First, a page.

Wednesday, 1 April 2015

It's Not The Getting Caught, It's The Speed



I was interested to read about our politicians' recent predilection for dystopian nanny-state policies in this Telegraph article - Stealth cameras to be installed on motorways. Basically, these camouflage cameras (clearly just a way of making lots of money through increased speeding fines) will catch drivers unawares, and once these devices become ubiquitous they will all but enforce a 70mph speed limit for every driver on every motorway in the country.

While this is annoying and most unwelcome, what struck me as strange is that from what I've seen the general objections to this seem to be focused on the fact that these cameras are stealth cameras, when the real issue is not whether the cameras are hidden or not but whether the speed limit is right. For what it's worth I think the 30mph and 40mph speed limits in built up areas are about right, but motorways (and the major A roads) should be higher. But whether it's right or not is surely the only real issue here.

I should imagine the situation is roughly like this. If you think the speed limit is wrong then you're going to object to stealth cameras as an exacerbation of a current wrongness. On the other hand, if you think the speed limit is right then logically you should have no objection to whatever tactics are used to catch people speeding, any more than you would object to devices that catch theft, vandalism and graffiti.  Yes, I grant you, theft, vandalism and graffiti are different crimes to speeding, but that doesn't invalidate the point - the rationale works for all cases; that the annoyance is not annoyance at stealth tactics to catch offenders, it's annoyance at the speed limits being too low.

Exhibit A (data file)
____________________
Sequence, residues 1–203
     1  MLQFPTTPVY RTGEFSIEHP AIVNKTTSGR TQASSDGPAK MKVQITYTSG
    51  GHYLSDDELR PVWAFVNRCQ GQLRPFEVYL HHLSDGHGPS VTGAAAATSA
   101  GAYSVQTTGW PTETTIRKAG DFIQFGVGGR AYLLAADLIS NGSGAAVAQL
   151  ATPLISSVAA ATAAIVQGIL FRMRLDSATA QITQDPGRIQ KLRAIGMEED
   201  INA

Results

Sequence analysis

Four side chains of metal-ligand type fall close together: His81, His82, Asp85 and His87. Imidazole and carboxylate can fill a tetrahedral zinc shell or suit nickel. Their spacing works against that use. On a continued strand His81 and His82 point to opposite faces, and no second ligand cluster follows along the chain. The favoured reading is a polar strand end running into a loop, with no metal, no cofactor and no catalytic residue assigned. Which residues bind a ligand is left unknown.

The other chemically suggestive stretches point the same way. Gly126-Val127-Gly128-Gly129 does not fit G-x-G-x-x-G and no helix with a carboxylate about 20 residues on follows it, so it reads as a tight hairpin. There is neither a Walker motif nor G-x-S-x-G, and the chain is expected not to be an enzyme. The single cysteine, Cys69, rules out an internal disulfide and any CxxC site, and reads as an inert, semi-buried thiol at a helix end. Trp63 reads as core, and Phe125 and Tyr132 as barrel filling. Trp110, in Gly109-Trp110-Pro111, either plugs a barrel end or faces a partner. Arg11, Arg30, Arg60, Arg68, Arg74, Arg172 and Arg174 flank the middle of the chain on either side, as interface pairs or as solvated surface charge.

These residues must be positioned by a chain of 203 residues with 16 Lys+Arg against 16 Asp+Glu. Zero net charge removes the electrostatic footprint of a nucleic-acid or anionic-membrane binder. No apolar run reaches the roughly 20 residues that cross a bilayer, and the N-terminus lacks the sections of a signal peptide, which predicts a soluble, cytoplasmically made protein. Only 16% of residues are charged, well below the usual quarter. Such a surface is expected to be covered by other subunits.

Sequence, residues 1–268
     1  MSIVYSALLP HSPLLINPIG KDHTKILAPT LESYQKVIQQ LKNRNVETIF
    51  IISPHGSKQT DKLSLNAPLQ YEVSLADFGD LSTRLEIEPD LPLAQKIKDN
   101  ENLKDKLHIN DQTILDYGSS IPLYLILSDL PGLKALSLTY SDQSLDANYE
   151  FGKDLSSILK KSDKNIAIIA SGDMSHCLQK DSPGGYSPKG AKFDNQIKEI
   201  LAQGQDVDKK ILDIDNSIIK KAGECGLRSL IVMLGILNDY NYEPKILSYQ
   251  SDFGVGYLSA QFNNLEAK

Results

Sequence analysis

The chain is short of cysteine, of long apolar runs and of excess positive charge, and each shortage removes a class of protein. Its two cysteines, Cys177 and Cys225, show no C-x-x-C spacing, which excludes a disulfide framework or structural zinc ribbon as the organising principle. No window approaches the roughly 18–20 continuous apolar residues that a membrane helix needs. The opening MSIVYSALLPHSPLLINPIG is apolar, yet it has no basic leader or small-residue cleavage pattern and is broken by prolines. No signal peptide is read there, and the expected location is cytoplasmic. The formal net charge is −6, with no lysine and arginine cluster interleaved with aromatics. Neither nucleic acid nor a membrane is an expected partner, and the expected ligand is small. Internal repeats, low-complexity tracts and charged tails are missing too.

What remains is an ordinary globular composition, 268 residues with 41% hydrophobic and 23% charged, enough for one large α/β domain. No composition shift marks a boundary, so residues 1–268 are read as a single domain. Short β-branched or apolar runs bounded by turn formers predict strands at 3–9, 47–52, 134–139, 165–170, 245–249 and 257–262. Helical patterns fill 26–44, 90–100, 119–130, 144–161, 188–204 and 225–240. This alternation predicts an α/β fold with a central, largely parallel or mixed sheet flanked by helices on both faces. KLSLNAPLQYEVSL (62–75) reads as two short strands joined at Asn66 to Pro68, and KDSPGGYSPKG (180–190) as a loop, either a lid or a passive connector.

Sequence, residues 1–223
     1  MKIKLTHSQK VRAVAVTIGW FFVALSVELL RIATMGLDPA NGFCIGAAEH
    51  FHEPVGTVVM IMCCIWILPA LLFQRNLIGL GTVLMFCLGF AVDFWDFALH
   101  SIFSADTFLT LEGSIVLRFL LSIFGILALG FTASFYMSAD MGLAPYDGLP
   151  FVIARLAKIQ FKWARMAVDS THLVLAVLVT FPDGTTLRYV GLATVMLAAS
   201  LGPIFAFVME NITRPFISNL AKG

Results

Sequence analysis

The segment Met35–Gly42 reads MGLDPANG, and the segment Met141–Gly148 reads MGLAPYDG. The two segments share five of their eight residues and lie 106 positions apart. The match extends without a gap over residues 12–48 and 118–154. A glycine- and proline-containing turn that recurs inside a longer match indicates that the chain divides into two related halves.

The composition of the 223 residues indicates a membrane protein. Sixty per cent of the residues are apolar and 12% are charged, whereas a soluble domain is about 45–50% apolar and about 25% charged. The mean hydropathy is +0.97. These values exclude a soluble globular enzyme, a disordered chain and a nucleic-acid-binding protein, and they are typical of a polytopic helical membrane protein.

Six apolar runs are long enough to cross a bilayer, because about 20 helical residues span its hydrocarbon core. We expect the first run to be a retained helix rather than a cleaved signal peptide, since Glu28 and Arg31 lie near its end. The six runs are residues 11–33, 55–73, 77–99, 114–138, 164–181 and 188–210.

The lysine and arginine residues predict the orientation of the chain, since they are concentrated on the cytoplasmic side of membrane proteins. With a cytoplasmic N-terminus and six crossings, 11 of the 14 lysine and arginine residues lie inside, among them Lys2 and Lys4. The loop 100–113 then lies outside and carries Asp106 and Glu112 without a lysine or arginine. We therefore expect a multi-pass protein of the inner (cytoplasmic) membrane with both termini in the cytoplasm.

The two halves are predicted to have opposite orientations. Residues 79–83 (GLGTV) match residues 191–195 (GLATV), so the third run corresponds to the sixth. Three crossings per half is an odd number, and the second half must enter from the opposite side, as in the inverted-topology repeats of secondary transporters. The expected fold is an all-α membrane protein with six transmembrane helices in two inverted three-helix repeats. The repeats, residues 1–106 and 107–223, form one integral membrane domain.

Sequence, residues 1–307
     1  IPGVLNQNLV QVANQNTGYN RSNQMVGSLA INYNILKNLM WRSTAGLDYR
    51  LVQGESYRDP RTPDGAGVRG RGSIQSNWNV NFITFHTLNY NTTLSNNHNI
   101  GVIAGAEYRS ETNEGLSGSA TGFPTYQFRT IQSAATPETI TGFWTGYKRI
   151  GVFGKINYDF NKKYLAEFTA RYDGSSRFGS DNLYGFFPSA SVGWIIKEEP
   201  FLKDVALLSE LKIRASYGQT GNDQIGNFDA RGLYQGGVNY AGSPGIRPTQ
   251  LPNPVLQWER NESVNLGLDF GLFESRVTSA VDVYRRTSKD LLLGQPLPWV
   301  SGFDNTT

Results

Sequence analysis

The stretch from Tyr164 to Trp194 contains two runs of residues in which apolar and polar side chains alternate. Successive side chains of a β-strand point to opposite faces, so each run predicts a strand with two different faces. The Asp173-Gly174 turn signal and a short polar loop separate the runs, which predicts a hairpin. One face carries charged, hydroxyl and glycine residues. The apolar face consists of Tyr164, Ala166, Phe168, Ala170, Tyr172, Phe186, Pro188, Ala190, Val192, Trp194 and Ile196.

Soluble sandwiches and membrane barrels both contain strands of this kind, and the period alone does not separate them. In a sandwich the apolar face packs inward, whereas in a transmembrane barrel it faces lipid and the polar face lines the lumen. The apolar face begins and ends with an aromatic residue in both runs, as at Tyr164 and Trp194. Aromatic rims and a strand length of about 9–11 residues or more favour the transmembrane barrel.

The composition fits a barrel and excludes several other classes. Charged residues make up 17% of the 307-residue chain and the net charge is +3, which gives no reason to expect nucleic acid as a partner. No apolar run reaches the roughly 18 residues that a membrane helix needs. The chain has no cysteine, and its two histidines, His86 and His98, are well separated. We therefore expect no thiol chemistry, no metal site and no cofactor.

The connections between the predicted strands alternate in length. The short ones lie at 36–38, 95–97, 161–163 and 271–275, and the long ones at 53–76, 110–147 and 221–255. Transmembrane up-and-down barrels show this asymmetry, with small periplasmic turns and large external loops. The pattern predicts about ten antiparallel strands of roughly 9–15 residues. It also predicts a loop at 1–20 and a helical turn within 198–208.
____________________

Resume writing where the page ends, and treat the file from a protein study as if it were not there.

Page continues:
Put it this way, suppose a new stealth camera was introduced, but only for vehicles exceeding 140mph - there would be far fewer objections, because almost no one has any trouble with the notion that 140mph is a crazy and dangerous speed to drive. Given the foregoing, the vast majority of complaints about stealth cameras seem to me to really be complaints about the speed limits - because if the following applied in that you a) agreed with the speed limits, b) considered the speed limit levels to be contributing to safer driving and fewer injuries and deaths on the road, and c) supported laws that prosecuted people for breaking the speed limit - then you should have no objection to devices like stealth cameras being used to catch offenders and make the roads safer.

I'm not in favour of them because I'm not in favour of the current speed limits. If, for example, I thought the motorway speed limit should be 95mph, then rationally speaking I could have no objection to stealth cameras that caught out any driver doing 96mph or more, any more than if I thought theft, vandalism and graffiti should be outlawed I'd have no rational objection to any stealth devices the police wanted to use locate incidences of theft, vandalism and graffiti, so long as those devices didn't encroach on the freedoms of ordinary citizens, of course. As much as I enjoy fast driving, it's hard to deny that if the speed limit was as high as I wanted it to be, say 95mph*, then stealth cameras that penalised 96mph or more would only infringe on the liberties of drivers breaking the law.

 

*Adjust the variable according to your own preference

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